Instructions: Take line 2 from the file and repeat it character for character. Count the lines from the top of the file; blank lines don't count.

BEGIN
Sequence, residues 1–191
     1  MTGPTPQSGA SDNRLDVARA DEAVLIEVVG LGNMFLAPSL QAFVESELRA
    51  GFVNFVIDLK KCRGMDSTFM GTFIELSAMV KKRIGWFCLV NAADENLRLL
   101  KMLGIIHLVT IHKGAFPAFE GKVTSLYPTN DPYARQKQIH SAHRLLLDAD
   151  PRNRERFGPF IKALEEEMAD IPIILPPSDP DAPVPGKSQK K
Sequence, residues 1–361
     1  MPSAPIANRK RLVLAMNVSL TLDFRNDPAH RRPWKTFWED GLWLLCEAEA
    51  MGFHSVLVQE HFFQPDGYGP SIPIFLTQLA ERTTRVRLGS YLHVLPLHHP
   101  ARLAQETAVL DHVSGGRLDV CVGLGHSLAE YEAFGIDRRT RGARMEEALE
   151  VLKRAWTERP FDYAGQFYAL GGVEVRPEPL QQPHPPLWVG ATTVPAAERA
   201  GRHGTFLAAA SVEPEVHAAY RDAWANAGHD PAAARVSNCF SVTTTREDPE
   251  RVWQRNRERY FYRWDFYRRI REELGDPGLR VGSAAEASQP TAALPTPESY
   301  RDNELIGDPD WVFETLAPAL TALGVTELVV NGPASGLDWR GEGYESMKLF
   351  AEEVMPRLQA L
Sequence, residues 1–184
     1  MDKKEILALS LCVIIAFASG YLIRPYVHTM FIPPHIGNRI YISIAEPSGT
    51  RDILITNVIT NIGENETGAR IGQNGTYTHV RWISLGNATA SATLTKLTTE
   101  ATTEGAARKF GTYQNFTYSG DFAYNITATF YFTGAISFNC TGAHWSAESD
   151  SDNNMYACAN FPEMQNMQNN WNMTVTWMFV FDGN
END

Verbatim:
     1  MTGPTPQSGA SDNRLDVARA DEAVLIEVVG LGNMFLAPSL QAFVESELRA